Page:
What’s a Good Profit Margin for Retailers?
Why did you start your own business? Answers will vary from fulfilling a passion, the desire to be one’s own boss, the ability to set one’s schedule, etc. Whatever the reason, surely every entrepreneur also wants to make a profit. According to a 2016 study by Deloitte, most retail businesses’ net profit averages around 3.2%, but does that number apply to you? What kind of profit margin can a small- to medium-sized retail business owner reasonably expect?
What is a Profit Margin?
Before digging too deep into determining a good profit margin for retailers, let’s define some terms. There are two types of profit margins: gross profit margin and net profit margin. Bizfluent, which mentors entrepreneurs, spells it out: Sales minus cost of goods sold equals gross profit.
Consider this example from Bizfluent. Annual sales for X retailer are $985,000 while the cost of goods sold is $591,000, so the gross profit is $394,000. “As a percentage, gross profit margin or the gross margin ratio = gross profit divided by sales.” In this case, $394,000 divided by $985,000 or 40 percent is the gross profit margin.
And net profit margin? Grow, which helps to grow companies, defines it as, “a percentage derived from an equation that shows what cash remains from your gross profit (revenue minus cost of goods) after your operating expenses and all other expenses, such as taxes and interest paid on debt have been deducted.”
Therefore, net profit is less than gross profit and a truer indicator of what retail business owners actually take home. However, Grow recommends retailers know their gross profit margin since it helps business owners “measure and understand how efficiently your company uses its raw materials and labor to produce the goods/services it offers and also track profitability trends.”
Learn the Average Profit Rates for Retailers
The retail industry includes many different types of businesses, so the average profit margin for retail can be misleading. However, knowing how others are doing can be helpful. Vend, makers of Point of Sale (POS) systems, conducted a study through March of 2019 which included more than 13,000 retail stores spanning multiple industries and areas.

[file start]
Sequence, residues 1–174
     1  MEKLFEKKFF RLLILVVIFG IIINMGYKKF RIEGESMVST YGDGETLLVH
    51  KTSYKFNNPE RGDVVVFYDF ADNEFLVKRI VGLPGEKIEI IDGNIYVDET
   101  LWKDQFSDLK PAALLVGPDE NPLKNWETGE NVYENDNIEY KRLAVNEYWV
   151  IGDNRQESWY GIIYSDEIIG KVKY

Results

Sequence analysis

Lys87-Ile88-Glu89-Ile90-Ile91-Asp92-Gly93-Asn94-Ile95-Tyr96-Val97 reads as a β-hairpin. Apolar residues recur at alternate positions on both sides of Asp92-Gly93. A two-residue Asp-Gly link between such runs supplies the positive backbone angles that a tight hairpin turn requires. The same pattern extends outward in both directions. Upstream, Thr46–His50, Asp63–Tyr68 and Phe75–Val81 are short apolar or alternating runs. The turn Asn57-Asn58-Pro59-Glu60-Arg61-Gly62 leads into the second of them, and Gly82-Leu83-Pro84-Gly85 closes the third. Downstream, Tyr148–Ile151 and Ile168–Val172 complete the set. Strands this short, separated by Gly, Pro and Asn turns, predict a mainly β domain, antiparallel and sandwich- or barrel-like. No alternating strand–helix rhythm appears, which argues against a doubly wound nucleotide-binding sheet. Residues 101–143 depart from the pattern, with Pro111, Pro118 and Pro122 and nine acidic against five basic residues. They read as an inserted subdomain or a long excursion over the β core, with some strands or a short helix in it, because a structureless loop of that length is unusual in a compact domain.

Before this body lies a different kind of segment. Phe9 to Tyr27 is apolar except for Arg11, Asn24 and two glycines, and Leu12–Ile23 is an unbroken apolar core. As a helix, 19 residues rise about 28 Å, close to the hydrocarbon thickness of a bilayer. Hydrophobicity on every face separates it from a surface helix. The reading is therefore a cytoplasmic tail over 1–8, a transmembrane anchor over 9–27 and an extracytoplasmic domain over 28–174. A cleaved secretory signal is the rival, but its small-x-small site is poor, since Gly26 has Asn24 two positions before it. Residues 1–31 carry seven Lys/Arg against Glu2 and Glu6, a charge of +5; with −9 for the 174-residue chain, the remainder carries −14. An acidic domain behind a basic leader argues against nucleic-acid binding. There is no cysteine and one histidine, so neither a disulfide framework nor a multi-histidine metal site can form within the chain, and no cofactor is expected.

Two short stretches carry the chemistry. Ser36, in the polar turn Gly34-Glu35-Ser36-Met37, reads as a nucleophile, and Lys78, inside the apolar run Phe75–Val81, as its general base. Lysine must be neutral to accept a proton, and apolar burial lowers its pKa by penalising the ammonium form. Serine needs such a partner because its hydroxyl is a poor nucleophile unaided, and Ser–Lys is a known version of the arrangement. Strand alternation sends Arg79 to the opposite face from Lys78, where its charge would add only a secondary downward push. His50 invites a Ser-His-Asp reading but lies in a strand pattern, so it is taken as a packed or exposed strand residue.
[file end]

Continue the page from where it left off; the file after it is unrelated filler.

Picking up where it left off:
Vend found that the average gross profit margin for retailers is 53.33%. Those with higher margins included beverage manufacturers, jewelry stores, and cosmetics (as high as 65 plus percent) while alcoholic beverages, sporting goods stores, and electronics were lower (just over 35 percent).
And what about net margin? Not so high. According to an article on Investopedia’s website, the average profit margin for retail is typically from 0.5 to 3.5%. The 2016 Deloitte study mentioned earlier, which found the average for the entire industry to be 3.2%, noted the net profit margin for the ten largest retailers:
- Wal-Mart: 2.9%
- Costco: 2.0%
- Kroger: 1.7% (Grocery Stores as an industry: 2.3%)
- Schwarz Group (German): N/A
- Walgreens: 3.6%
- Amazon: 1.7%
- Home Depot: 8.4%
- Aldi (German): N/A
- Carrefour (French): 1.1%
- CVS: 3.0%
Many industries see higher profit margins. Consider the following:
- Retail or commercial banks: 24%
- Restaurants: 3–5% (typically – could vary based on restaurant type)
- Electronics sector: 6.7% (includes semiconductors, technical instruments, circuit boards, photographic equipment, communication devices, and other electronics and computer equipment)
- Electrical equipment manufacturer: 7%
Returning to retail, some sub-sectors tend to be more profitable based on net margin. Those subsectors, notes Investopedia, “are usually the building supply and distribution retailers. Companies in these sectors often achieve average net margins around 5%.”
Watch Out For Challenges to Profits
Besides the challenge of low margins, many retailers face uncertainty. Investopedia says, “certain markets, such as retail electronics and retail clothing, have to adapt to constant changes in consumer tastes.”
Because profit margins are low for many retailers, they rely on volume. Investopedia points to a few reasons why retail margins tend to be low. These reasons include the internet, which makes price comparison so simple and allows people to easily purchase material from anywhere (which means more competition).
In addition, most retail spending is discretionary which leads to customers who are picky and unreliable. There’s also, per Investopedia, “a relatively high price elasticity of demand for retail goods, which makes it difficult to raise prices.”
To increase net profit margin and bring it closer to gross profit margin, a Vend article suggests streamlining operations and reducing operating expenses. Also, employee overtime can be reduced. A global suggestion is to “go through all the tasks that you and your employees complete day-to-day, and see if you can automate any of them.” While this may lead to an initial increase in costs, automation saves money in the long run and may lead to a good profit margin for retail.
While the net profit margins for retailers are small, entrepreneurs who dream of opening a business will not be denied. And they shouldn’t be. Retail outlets open every day, and many turn a profit which can enable the owner to live a good life. However, that life will be one where margins need to be considered and carefully calculated. Owners of small retail businesses can have the business they strive for and earn a reasonable profit.